The Vanishing Half by Brit Bennett
The beginning of the American writer Brit Bennett’s second novel resembles a fairy tale: in 1848, the freed son of an enslaved mother and a slave-owner father decided to found a small town called Mallard, a place for people “who would never be accepted as white but refused to be treated like Negroes”. In Mallard the locals cultivate fair skin, hoping that each generation will be lighter than the previous one, “like a cup of coffee steadily diluted with cream”. This echoes the early origins of enshrining whiteness as the default standard: in one of the first English-language novels, Oroonoko, Aphra Behn describes the European facial features of her African protagonist as proof of his nobility.
Two descendants of the founder of Mallard, identical twin sisters Desiree and Stella, are born in this city 100 years later. They have inherited from their great-great-great-grandfather not only their fair skin, but also the burden of living in a world where race is still a determining factor in human destiny. Bennett shows us the America of the mid-20th century, where people of colour are subjected to prejudice, discrimination and hate crimes, while whiteness is a symbol not only of privilege and financial well-being, but of security: Stella and Desiree witness their father’s lynching and this event is one of the key points which governs their lives.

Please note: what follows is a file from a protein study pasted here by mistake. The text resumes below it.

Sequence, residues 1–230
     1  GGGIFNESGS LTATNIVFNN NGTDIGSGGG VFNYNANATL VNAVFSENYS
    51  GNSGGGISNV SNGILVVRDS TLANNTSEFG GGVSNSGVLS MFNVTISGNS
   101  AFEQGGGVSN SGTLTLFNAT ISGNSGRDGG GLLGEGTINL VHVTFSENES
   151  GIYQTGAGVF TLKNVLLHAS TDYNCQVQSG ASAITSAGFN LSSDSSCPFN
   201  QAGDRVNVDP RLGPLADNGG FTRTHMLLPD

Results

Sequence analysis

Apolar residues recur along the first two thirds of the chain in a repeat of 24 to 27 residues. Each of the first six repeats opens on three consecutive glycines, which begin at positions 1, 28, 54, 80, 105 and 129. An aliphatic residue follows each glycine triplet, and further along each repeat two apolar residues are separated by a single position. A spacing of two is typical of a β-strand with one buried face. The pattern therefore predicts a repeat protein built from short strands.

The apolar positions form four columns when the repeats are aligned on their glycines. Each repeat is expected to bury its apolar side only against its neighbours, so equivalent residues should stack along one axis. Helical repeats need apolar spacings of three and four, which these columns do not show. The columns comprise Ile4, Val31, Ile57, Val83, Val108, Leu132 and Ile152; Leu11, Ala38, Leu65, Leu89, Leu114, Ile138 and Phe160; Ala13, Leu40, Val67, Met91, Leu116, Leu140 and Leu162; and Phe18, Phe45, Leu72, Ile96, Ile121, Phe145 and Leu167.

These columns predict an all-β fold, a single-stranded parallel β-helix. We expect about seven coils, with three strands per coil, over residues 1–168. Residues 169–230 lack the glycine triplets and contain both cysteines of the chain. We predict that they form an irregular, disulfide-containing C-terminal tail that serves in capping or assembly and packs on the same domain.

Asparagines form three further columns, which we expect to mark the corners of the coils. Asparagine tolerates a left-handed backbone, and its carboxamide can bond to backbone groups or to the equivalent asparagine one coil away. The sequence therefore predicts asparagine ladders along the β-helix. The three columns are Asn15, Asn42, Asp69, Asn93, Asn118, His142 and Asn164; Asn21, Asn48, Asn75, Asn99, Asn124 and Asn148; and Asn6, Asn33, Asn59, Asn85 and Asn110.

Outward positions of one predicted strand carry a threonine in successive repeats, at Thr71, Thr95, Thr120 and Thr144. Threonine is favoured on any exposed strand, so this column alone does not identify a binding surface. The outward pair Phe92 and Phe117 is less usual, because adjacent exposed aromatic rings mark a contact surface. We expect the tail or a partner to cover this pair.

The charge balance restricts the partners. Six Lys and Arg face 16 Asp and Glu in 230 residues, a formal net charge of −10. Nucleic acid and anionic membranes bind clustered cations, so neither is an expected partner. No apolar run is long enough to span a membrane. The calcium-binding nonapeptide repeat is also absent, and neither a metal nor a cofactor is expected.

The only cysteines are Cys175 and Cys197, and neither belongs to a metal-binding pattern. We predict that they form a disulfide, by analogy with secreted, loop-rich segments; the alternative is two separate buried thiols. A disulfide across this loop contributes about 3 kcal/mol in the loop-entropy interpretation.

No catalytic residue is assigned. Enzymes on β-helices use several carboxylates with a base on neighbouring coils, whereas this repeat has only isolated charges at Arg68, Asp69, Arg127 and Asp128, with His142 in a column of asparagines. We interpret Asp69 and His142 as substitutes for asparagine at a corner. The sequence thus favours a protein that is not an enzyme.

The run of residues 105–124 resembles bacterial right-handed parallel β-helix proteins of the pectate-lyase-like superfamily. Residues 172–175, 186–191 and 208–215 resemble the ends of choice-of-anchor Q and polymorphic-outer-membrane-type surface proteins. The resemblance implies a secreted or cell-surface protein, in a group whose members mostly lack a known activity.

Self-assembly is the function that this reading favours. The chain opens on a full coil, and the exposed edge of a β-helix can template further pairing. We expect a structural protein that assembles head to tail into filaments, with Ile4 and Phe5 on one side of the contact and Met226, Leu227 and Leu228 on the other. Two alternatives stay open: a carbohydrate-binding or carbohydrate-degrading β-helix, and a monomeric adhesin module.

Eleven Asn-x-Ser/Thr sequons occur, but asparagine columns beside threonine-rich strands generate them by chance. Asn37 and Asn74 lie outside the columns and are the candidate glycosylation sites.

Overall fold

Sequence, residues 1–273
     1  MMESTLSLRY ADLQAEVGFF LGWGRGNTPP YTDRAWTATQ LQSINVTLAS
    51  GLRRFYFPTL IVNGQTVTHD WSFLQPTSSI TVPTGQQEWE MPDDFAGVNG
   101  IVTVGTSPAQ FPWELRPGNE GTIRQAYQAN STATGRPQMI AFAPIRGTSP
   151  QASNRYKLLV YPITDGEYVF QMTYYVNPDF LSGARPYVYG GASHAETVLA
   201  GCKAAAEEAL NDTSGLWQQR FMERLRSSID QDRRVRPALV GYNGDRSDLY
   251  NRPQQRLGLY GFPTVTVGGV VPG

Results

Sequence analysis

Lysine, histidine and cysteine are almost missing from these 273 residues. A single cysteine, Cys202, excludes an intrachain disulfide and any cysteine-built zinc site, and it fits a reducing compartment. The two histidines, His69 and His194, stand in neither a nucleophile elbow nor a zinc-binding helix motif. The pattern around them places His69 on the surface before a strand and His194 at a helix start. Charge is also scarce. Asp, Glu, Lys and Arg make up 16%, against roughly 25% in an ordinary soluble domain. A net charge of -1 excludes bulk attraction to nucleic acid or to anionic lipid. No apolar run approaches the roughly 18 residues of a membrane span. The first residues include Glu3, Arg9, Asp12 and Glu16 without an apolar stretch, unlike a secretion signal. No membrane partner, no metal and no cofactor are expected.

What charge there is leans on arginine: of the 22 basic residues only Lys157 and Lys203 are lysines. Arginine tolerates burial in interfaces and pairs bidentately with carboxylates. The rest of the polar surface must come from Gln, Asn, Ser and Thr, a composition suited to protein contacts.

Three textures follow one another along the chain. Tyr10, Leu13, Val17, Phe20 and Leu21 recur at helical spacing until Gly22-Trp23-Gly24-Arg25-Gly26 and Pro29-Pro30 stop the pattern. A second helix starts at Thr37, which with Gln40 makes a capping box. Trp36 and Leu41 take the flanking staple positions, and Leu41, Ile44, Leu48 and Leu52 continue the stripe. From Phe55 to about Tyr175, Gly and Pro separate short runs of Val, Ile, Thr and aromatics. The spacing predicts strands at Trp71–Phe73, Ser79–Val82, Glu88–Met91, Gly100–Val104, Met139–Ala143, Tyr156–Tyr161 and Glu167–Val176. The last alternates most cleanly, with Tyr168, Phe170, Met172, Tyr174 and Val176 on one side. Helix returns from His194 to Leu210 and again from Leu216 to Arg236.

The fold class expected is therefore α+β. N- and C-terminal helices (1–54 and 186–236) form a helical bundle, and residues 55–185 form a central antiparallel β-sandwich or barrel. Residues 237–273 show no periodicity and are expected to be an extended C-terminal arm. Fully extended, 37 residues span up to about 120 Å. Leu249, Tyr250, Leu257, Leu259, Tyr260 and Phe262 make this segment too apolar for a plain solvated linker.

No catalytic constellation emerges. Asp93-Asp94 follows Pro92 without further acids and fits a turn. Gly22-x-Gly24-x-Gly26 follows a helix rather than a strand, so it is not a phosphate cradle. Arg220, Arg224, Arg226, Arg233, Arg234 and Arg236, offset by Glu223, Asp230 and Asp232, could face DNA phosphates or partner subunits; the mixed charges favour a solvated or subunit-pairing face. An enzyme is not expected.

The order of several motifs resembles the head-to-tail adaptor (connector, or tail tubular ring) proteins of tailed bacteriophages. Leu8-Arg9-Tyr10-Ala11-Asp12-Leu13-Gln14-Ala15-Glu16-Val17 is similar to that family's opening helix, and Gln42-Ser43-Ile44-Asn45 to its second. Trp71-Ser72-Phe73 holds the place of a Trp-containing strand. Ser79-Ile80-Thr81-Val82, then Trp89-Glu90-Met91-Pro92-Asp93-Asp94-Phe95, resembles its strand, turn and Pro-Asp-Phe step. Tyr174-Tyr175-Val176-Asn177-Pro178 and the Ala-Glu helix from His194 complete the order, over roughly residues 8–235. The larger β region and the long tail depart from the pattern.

The title of the novel is constantly mirrored in the narrative, reflecting two opposite sides of one reality: the twins are two halves of one whole. Like the characters of Sam Selvon’s The Lonely Londoners, the sisters go to a big city in search of a better life, but their paths diverge: Stella decides to break the connection with her family in order to “pass” as white, while Desiree marries “the darkest man she could find”. Even though The Vanishing Half describes sexual assaults, abusive spouses and people who commit murder due to racial hatred, the real antagonist of the novel is the structural racism which can’t be tricked by “passing” – there is always a great price to pay.
With calm wisdom but without moralising, Bennett takes the role of an outside observer, who penetrates the consciousness of her characters but never condemns their choices. This is a brilliant and touching family saga, which goes beyond race and colour, broaching topics of family, love, relationships, and self-acceptance in a constantly changing world. At the end the author gives the role of judge to the great equaliser: Mallard’s cemetery was divided into the white and the coloured sides, but in a case of flooding some gravedigger could “step over bones, not knowing the difference”.
The Vanishing Half is published by Hachette at the hardback price of £14.99. For further information visit here.